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I am not going to play by your rules! The ‘value’ of Volunteering

October 20, 2014

Volunteering Blog 2

There are many organisations mainly in the voluntary sector that have a tremendous story to tell about what volunteers can achieve – and many need funding in order to sustain and develop this further.

In my previous blog I described the excellent work of 6 organisations and outlined some of the strategies that they have used to make the case for funding.

I think that the challenge we face is that in England we live in a state that is increasingly marketised and centralised.


In the marketing paradigm the route to securing funding from the state is an apparently rational one – its something like this:

  • Demonstrate that there is an unmet need that has a cost on society
  • Show how you can meet it – and quantify how much this will cost
  • Evidence that savings can be generated
  • Prove that your option is cheaper than any alternative


The UK is one of the most centralised western states. In order to be able to function government and its proxies (Public Health England, NHS England etc) need information that can assure them that public money is being well spent and issues of concern are being resolved.

Here is part of an infographic produced by the Centre for Cities based on information from the OECD contained in their report Cities Outlook 2014

Cities have little control over their own money

Because government and its agencies are so centralised they require a range of metrics that bring local experience closer to them – so we have developed a complex series of standard indicators (Outcome Frameworks, QALYs, QIPP etc) that all serve to provide information to these centralised agencies.

These measures – that we sometimes think demonstrate our technical sophistication at keeping track of population wellbeing can also be seen as showing just how centralised we have become!

What about volunteering?

I think that these two systems (the market and the centralised state) and their need for metrics are antithetical to the premise on which volunteering is based.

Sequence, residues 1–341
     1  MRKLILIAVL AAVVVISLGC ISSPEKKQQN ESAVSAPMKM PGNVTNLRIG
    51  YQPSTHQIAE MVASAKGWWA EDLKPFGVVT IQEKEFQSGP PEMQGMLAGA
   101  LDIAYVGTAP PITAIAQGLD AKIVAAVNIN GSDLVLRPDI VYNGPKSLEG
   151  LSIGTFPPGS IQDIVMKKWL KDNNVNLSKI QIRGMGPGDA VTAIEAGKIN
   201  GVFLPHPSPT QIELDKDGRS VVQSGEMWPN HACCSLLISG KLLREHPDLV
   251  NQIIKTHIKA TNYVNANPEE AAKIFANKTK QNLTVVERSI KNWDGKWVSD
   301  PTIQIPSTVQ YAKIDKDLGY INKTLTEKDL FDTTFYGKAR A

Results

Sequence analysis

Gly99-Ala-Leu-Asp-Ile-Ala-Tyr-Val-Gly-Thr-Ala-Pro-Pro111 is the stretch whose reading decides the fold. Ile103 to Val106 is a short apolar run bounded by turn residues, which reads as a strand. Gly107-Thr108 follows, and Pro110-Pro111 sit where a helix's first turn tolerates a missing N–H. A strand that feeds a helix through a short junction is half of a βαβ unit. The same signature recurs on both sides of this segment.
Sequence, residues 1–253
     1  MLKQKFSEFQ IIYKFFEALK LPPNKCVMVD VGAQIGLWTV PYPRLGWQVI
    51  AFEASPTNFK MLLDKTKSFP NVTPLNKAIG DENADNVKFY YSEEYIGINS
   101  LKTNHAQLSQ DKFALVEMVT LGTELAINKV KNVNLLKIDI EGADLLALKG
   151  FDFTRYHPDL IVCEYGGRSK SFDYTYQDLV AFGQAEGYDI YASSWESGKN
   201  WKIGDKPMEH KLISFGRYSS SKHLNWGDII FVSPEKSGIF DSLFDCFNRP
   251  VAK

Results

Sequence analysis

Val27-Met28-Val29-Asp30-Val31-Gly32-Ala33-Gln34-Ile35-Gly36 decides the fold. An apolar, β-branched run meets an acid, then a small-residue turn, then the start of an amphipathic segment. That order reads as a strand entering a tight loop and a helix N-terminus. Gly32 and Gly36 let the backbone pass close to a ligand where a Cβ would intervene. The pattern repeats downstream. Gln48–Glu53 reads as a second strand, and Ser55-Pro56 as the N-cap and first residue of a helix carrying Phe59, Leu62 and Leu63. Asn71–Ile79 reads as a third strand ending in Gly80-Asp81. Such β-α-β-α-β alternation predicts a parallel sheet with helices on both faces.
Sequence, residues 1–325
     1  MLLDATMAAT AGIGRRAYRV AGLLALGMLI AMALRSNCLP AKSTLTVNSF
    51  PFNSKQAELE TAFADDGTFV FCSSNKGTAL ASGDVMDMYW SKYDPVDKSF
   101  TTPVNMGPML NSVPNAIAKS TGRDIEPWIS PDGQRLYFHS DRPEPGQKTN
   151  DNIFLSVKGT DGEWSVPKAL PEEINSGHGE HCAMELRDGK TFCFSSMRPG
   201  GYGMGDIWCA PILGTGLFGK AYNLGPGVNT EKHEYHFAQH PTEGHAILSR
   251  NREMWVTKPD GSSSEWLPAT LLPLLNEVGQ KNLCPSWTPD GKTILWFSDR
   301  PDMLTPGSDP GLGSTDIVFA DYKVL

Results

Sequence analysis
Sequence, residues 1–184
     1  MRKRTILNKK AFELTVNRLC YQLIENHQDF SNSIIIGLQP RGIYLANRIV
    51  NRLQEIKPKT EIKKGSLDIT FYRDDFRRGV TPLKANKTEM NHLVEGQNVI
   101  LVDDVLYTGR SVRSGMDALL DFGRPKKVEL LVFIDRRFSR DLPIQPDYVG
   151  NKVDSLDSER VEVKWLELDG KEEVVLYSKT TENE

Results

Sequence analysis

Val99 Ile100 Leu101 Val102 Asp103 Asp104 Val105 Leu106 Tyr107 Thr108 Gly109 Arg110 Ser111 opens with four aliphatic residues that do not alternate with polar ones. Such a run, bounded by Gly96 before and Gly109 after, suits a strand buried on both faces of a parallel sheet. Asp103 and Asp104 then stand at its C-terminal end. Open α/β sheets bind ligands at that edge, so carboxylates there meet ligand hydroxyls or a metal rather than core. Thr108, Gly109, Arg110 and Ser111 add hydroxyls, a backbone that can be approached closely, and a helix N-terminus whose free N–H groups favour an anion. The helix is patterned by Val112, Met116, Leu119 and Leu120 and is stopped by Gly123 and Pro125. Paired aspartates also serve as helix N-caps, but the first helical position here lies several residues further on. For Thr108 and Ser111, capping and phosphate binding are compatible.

Volunteering often arises to meet need where there are no services or where there is a gap in services. Indeed, volunteering often develops in places that officials thought did not exist – and therefore did not fund. This is because these spaces had not been measured before or could not be satisfactorily measured because of their complexity and multi-causality.

For example, a lot of volunteering is concerned with the the relationship between the individual and society or between the individual and other services. Of course just because these areas cannot be easily measured does not mean that they are unimportant – far from it – our connection with the state and other people is crucial to our wellbeing – as some of the excellent national work on loneliness demonstrates.

An example of this multi-dimension benefit of volunteering to volunteers and wider society is set out here in this useful report from Citizens advice that came out last year.

Can we have some funding please?

The problem arises when organisations who provide volunteers are asked to justify their case for public funding. They find that they have to do so using a set of arguments that are designed to determine value in a market place or provide reassurance of impact to a centrally led government agency.

My point is that we – citizens who volunteer – do not go into this gift relationship (for that is what volunteering is) because we want to secure market position, generate savings or meet government targets – we do it because we wish to give our time and skill to help people and generally the only evidence of success we require is what the people who receive support from this volunteering feel and say.

So, while there is policy ambition and rhetoric for increasing volunteering – as long as we continue to try to measure and justify it using models that are about just about market value or government ‘outcomes’ volunteering will struggle to get funded – or risk becoming a commodity.

There is a real risk that this will actually lead to a less innovative, more ossified and less diverse system of delivery and  the contribution that volunteering makes to civic engagement and cohesion will be weakened.

Of course some of the work that is going on at present with regard to implementation of the Social Value Act may offer part of the solution – as part of this I think that there is an urgent need to look again at the respective roles of grants and co-produced service design to ensure that local commissioners are enabled to take a balanced approach when determining which model works best for them.

What do you think?

We need to be much better at understanding the contribution that volunteers make to health and wellbeing.

October 1, 2014


This week the Department of Health’s Health and Social Care Volunteering Fund publish a piece of work that I completed with two colleagues (Sue Cook and Jennie Chapman). We have produced a guide on sustainability for projects that support health and wellbeing through services using volunteers.